Overview

Boars Head Nature Preserve consists of 27 hectares (65 acres) of land along the shore of the Kennebecasis Bay near its confluence with the Wolastoq (Saint John) River, in the Millidgeville area of the city of Saint John. It is one of the last natural areas in a fast-developing community. This nature preserve provides a sanctuary of scenic beauty, recreational opportunity, and wildlife habitat.

History

The nature preserve has been used for hunting in the past.  The Girl Guides have also used the property for camping, nearly 50 years ago. Another name for this area is “The Farms” since the Bullock family walked their cattle down a trail and into the nearby fields. In addition, the Snowflake Lime Company used to mine the 30 ft buffer zone of the preserve, which is now owned by the City of Saint John.

The area that is now the Boars Head Nature Preserve was being considered for residential development in the 2000’s. However, due to the rapid reduction of undeveloped coastline in the area, many environmental groups and citizens preferred to have this land conserved. The Province of New Brunswick transferred ownership of this area to the Nature Trust in 2010.

Ecology

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This preserve showcases over 150 meters of pristine shoreline along the Wolastoq (Saint John) River Basin. The preserve contains red spruce groves, and cedar and alder wetlands, and is home to the very rare (S2) Anticosti Aster (Symphyotrichum anticostense) and the extremely rare (S1) maidenhair spleenwort (Asplenium trichomanes).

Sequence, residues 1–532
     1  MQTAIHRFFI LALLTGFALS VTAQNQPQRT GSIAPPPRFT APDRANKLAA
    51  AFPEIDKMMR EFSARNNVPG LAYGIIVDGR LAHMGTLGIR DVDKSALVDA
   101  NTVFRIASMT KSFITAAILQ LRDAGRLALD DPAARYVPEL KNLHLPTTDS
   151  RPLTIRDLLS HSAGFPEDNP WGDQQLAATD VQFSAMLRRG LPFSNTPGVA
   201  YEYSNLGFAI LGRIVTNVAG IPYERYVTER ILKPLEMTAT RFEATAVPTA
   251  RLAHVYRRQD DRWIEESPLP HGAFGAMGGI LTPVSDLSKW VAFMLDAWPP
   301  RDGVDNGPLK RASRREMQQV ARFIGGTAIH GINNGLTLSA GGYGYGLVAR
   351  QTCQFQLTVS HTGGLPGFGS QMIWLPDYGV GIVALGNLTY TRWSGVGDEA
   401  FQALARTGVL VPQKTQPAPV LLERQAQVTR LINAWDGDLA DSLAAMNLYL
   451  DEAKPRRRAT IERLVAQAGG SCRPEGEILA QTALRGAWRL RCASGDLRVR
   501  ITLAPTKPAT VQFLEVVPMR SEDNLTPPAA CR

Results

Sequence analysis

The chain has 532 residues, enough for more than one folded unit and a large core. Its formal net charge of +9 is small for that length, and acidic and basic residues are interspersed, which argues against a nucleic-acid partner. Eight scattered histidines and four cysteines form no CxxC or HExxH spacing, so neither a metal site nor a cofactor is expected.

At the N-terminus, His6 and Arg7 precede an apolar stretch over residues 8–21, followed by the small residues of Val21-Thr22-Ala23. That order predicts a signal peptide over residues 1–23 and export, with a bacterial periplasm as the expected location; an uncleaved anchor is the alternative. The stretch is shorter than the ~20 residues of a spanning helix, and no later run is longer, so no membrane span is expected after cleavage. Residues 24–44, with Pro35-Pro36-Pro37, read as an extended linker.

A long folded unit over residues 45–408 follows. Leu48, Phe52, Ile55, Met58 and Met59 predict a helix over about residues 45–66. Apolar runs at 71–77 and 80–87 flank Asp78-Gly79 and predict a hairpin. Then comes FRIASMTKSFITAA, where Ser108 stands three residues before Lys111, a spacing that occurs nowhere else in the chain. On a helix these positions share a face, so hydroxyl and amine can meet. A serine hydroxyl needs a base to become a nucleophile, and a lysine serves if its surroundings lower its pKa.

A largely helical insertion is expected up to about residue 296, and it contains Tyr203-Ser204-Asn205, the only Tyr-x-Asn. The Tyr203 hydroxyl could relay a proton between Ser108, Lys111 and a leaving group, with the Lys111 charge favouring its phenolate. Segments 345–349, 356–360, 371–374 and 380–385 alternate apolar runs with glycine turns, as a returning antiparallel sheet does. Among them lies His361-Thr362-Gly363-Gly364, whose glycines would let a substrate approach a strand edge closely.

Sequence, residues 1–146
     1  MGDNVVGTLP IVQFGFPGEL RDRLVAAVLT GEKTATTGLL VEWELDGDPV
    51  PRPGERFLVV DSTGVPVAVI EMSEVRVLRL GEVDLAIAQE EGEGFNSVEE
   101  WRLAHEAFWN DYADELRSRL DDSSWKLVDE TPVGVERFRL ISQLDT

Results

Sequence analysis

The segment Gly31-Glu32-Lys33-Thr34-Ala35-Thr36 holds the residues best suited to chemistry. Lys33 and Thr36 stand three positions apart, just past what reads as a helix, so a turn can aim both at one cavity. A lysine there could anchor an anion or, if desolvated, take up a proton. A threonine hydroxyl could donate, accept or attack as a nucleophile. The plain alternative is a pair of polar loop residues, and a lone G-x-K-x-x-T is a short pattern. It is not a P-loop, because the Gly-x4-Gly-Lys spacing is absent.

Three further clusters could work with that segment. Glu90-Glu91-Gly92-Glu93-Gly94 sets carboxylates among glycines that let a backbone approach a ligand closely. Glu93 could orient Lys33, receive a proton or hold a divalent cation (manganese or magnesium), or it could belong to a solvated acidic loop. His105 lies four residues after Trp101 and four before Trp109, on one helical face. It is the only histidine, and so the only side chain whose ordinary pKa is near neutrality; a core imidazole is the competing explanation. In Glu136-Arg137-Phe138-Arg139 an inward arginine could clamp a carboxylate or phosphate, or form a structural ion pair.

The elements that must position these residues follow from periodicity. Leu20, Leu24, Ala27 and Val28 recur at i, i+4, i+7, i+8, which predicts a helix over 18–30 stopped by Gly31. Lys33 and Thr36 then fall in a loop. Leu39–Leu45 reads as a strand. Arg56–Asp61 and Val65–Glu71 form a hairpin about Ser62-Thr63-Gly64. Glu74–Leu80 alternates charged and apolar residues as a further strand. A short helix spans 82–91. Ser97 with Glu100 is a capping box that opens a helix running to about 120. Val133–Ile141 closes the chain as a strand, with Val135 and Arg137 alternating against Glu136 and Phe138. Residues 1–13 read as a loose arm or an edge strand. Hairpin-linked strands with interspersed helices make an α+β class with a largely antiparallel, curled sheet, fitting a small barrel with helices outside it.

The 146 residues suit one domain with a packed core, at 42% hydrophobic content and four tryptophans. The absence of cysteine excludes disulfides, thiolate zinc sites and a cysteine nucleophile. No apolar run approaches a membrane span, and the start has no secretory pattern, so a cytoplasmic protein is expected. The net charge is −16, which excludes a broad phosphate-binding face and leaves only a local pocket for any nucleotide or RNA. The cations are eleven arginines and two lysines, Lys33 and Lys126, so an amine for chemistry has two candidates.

Access and Activities

Parking is available on Ragged Point Road or at the École Samuel-de-Champlain. From the parking lot, walk approximately 300 m on the Ragged Point Road until you reach the trail entrance. Proceed with caution and use proper guidance equipment. The trails in this preserve are 1.7 km long.

*The property is undeveloped and there are a variety of hazards and risks associated with accessing this preserve. While this nature preserve is open for public access, visitors must assume responsibility for their own actions and safety and are to use the land at their own risk.